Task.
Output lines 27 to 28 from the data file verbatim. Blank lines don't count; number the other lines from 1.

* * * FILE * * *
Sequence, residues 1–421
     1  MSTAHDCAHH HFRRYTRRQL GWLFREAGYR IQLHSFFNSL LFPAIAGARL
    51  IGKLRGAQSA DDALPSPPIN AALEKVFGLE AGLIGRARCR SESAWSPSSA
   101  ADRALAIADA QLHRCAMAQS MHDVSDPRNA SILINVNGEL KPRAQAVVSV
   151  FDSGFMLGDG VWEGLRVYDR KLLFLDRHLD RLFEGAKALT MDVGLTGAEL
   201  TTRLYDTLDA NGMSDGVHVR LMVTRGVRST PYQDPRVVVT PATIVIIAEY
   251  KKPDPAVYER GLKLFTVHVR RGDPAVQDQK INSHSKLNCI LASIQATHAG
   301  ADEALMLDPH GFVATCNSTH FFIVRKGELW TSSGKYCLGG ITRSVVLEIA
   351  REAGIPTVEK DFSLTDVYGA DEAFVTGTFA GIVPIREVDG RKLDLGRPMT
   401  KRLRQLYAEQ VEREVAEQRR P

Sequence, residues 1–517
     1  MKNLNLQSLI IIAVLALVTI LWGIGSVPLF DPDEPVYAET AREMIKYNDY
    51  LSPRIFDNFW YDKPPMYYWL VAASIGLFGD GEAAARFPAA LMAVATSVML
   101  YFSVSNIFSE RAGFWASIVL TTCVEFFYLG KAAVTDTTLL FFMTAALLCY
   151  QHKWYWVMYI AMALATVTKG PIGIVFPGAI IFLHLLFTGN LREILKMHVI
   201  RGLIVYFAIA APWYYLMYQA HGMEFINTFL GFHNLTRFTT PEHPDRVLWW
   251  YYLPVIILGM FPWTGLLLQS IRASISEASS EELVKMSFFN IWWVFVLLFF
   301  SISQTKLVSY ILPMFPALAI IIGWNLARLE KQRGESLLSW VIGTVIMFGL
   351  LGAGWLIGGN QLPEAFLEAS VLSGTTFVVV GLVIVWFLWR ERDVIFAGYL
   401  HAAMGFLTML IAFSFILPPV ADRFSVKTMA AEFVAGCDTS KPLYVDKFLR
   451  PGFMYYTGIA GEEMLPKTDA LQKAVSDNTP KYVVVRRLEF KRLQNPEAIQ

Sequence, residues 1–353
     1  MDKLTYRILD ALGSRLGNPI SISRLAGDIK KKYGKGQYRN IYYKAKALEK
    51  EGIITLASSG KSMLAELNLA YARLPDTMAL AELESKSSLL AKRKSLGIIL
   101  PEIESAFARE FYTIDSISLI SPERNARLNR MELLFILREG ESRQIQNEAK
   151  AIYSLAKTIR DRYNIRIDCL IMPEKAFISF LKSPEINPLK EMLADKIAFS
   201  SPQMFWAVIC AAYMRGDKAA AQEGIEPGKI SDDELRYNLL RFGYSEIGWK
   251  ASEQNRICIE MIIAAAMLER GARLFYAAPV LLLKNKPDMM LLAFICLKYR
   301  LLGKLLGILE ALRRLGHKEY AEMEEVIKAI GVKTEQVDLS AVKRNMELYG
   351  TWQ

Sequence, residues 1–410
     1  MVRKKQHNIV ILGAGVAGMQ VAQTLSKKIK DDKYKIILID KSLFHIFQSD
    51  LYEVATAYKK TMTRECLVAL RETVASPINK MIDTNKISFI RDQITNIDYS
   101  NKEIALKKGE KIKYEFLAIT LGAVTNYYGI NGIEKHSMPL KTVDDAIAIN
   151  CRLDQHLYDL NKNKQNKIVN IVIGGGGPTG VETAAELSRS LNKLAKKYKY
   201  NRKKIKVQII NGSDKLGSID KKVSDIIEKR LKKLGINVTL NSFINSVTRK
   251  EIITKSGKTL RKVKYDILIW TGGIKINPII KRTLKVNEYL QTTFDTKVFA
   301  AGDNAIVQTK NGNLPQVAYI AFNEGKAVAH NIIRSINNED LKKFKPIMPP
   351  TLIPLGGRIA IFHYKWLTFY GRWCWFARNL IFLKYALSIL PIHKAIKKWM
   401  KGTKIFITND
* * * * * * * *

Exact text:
   201  SPQMFWAVIC AAYMRGDKAA AQEGIEPGKI SDDELRYNLL RFGYSEIGWK
   251  ASEQNRICIE MIIAAAMLER GARLFYAAPV LLLKNKPDMM LLAFICLKYR